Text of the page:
The only person in Dragonball Z that actually calls out Goku’s selfishness is Chi-Chi, and the show simply laughs her off as just the nagging shrew wife. No, she’s just trying to be a good mother! Or how about Yu Yu Hakusho and all the things Keiko did for Yusuke? Everything she did was in the service of Yusuke, be it getting on his case about school, protecting his dead body from burning in a fire, reviving him, and covering him for his mother and teachers when he’s in the Spirit World. Doesn’t Keiko have her own issues to worry about? Has Yusuke ever taken those in consideration? Has he ever considered how much Keiko worries about him coming out of his cases alive or witnessing him at brink of death over and over, especially considering she had to live that nightmare once already? Or how about Yusuke’s mother? I know she was a negligent alcoholic, but it didn’t mean she didn’t care about him. Yusuke saw how clearly shaken up she was when he died. Isn’t it strange that he kept her in the dark about everything once he was revived? Isn’t it even stranger that her presence was completely removed from the show after a while? In Evangelion, these little oversights of the “supporting” characters comes back to bite Shinji. As his stock as a Eva pilot rises in NERV, he fails to pay attention to Asuka’s emotional unraveling. Does he ever try to really get to know Rei? Did he ever express appreciation for everything Misato did for him or ask how she was holding up? As a result, none of those characters are emotionally available to Shinji when he hits rock bottom.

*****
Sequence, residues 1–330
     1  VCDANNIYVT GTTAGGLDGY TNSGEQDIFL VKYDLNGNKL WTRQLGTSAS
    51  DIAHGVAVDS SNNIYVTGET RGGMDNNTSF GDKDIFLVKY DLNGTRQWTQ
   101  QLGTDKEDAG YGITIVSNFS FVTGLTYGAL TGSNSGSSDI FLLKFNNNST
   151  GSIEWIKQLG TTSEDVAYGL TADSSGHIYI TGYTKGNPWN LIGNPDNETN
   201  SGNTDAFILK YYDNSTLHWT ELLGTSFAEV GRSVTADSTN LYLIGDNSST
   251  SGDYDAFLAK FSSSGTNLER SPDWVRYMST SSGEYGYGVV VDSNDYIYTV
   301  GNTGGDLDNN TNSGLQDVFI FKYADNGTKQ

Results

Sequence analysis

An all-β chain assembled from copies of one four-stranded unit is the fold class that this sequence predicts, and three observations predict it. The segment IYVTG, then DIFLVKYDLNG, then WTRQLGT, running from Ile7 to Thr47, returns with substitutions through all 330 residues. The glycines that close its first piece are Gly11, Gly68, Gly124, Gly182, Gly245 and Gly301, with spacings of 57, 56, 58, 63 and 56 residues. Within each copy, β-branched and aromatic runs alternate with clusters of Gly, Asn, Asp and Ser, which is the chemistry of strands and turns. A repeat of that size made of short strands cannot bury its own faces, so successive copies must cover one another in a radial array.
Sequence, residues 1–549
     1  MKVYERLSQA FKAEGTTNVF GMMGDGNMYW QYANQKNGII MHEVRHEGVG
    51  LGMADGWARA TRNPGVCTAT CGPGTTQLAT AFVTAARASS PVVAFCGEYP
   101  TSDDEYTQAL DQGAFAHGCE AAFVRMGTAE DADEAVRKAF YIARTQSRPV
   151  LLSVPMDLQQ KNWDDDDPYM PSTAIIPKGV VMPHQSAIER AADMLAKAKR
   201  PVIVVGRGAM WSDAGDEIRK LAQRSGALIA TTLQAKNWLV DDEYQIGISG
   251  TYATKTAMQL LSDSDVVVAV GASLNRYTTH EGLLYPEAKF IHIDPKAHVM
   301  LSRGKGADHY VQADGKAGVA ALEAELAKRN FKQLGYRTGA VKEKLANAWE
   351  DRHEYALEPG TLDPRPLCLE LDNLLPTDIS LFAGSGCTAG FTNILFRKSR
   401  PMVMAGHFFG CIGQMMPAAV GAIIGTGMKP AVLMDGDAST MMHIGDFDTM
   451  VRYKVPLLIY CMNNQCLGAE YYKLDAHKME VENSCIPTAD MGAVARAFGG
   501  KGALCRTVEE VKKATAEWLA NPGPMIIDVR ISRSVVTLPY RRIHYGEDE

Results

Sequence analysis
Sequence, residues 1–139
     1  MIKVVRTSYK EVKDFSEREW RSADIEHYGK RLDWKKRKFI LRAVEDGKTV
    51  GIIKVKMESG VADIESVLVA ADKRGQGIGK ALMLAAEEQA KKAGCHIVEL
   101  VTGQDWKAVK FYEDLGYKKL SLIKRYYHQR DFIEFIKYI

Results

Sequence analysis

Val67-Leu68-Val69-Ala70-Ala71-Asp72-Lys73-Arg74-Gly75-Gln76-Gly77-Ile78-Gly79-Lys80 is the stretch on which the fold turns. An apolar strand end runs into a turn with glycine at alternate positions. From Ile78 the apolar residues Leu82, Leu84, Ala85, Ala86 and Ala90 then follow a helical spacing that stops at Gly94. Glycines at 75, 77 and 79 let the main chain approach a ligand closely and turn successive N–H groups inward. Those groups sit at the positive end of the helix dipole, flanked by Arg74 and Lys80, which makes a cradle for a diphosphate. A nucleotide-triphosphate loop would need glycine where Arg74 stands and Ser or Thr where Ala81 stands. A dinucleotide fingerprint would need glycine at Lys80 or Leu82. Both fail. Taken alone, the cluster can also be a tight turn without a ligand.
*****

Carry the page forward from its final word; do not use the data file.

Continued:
Thinking about it, I suppose one of the reasons why fans initially reacted to Evangelion’s finale so negatively is because another common characteristic of “the chosen one” character types is that they often serve as audience surrogates. Within the typical formula of these types of stories, this surrogate becomes a power fantasy for the audience. So the first time a person that is used to this formula watched Evangelion, they didn’t get what they expect. Shinji doesn’t destroy the big, scary, main antagonist. He doesn’t get the girl at the end. His only “glory” is self-affirmation, not any external power or prestige. By deconstructing “the chosen one” character type, Hideaki Anno was also critiquing the fans that base their identities on these fictional characters. And I suppose their response to this ending ended up proving his point, even though I can see how this could hit a sensitive spot if you were the type of person Anno was directly talking to.